Town Square Delaware features monthly reflections from Laurisa Schutt, executive director of Teach for America – Delaware and two TFA teachers who are teaching in Delaware schools this year.
Nine years ago I was invited to join the board of EastSide Charter School. At the time, the school was run by a well-respected leader in a small building in the middle of a Wilmington Housing Authority project. Started in 1997, Eastside was known for strong achievement with about 100 students grades K- 5. The board met in a crowded classroom with barred windows, water dripping overhead.
To increase my understanding as a board member, I started to mentor. My five-year-old daughter and I would spend Fridayafternoons reading and writing with Ms. King’s 5 year olds. Homeless, hungry, some even parentless, Ms. King made sure all of her kids were reading by June. I helped a little, but mostly I observed and learned. Ms. King remains at Eastside today. I think of her humanity-above-all approach every day as I work now with teachers early in their careers.
Over nearly a decade, our work as a school team—board, leadership, faculty, students, parents and families—has not been a linear climb. Despite setbacks, it contains realizations and progress that helped us move forward in our understanding of what puts a school on the right track – as well as the humility required to keep trying to do right by children no matter what.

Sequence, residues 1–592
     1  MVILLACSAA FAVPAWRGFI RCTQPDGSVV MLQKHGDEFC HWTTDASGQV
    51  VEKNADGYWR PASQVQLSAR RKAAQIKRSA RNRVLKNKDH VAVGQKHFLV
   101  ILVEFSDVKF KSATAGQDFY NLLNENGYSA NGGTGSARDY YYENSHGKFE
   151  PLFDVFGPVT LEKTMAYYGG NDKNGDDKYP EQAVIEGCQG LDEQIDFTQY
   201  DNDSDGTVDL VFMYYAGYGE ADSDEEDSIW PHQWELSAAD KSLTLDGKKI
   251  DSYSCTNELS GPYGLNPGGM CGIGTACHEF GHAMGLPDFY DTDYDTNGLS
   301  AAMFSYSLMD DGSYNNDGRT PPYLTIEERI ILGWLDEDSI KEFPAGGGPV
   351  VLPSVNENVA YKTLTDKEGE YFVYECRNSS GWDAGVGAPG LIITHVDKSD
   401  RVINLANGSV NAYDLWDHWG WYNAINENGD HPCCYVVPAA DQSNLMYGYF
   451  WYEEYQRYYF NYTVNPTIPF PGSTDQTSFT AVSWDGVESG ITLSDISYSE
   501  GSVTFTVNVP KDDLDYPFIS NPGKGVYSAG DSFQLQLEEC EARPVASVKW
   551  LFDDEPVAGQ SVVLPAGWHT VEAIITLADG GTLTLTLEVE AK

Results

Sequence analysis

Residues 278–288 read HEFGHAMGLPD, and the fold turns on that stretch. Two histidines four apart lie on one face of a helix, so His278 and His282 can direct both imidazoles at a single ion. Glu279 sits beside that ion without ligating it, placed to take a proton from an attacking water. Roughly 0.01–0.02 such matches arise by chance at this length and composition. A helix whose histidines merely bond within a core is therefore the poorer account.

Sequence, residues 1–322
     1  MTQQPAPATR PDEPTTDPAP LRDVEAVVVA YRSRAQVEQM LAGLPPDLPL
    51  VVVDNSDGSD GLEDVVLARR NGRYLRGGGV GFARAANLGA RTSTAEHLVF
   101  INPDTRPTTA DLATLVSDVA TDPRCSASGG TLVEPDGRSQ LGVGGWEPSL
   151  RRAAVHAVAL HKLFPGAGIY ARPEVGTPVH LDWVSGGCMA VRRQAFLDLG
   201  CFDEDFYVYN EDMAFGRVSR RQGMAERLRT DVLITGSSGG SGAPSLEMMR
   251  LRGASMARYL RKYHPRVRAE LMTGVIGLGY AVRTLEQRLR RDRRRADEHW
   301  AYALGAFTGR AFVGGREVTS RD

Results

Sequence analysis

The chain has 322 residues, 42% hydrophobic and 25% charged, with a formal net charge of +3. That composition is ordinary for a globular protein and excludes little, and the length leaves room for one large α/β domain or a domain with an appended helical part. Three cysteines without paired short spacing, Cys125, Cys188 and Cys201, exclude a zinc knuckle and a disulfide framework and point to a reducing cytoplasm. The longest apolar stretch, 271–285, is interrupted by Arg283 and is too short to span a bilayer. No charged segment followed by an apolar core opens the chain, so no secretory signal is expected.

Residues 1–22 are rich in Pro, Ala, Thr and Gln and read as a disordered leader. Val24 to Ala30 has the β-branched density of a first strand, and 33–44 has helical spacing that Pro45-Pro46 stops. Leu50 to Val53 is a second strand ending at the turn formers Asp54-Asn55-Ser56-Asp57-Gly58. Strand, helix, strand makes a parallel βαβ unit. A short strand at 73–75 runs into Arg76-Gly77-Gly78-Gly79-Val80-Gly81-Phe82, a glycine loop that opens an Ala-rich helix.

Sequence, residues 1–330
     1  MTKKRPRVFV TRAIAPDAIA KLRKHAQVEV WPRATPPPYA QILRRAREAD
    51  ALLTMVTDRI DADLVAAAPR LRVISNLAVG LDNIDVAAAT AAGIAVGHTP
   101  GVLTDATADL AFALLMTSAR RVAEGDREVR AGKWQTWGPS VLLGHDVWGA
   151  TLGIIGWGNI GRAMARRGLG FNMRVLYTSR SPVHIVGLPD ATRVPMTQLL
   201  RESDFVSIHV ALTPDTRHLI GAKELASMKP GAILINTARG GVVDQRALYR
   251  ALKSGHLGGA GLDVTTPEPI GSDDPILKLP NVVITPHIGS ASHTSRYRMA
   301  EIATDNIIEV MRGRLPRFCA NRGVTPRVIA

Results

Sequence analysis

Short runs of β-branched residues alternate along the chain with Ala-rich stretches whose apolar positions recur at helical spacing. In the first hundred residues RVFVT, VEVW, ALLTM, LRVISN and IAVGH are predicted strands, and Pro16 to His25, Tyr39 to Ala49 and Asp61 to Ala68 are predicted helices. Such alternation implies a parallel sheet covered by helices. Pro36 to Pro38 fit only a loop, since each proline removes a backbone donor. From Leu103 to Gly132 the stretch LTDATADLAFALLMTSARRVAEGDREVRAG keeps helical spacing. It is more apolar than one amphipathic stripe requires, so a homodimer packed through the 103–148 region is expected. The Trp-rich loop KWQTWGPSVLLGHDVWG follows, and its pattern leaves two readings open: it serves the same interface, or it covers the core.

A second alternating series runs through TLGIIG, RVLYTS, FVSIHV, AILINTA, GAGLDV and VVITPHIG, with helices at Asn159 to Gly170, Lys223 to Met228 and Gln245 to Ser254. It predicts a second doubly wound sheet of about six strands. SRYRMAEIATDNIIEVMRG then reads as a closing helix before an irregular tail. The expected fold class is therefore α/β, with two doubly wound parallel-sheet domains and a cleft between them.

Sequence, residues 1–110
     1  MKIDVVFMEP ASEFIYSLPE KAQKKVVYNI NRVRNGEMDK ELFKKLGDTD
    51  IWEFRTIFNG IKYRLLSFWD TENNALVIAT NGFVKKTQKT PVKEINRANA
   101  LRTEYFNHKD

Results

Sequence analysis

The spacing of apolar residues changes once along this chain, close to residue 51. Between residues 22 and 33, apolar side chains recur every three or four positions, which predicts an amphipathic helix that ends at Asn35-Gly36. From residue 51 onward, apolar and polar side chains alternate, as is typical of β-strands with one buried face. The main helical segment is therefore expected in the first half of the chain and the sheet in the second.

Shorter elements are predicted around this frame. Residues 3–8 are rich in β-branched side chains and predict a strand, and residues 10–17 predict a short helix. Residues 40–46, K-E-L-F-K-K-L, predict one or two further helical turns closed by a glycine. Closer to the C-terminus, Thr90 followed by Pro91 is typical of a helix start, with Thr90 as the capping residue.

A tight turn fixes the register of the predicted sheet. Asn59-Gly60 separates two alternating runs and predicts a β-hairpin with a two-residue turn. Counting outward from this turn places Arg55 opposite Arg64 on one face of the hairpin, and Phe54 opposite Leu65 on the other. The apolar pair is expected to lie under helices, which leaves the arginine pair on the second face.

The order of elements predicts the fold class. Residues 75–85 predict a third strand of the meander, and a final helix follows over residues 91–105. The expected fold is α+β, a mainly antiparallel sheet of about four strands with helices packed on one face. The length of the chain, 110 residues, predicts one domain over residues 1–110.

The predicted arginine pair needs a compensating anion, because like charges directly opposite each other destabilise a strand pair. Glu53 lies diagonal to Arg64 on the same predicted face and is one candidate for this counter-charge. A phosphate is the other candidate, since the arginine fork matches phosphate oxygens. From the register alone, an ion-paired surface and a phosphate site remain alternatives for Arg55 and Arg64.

We tried so many things. We moved school buildings to expand; we lost our leader; our scores dropped; enrollment didn’t fill the building that was given for $1 but came with $8,000,000 of deferred maintenance. We hired a school leader – didn’t work out; we hired another – didn’t work out. We had the best intentions – what were we not doing? How much did we not know? We started to observe excellent schools.
Unlike the ones we saw, our school leaders had certainly not focused on every teacher in every classroom. They had not created the environment where teachers wanted to develop and contribute to change towards one vision. We started to understand that no amount of focus on curriculum, schedule, or after school programs mattered without a commitment to leadership; again and again teacher leadership and administrative leadership set apart great schools.
My final school board meeting felt good– hearing the school leader we hired two-and-a-half years ago report on double digit student growth, consistent improvement and a strong culture. Incredible teachers, engaged parent representatives, a stable budget, and a fledgling early childhood program in 2014 – this is momentum. While the work of excellence is far from done, the momentum is real; everyone can feel it and everyone is now part of it.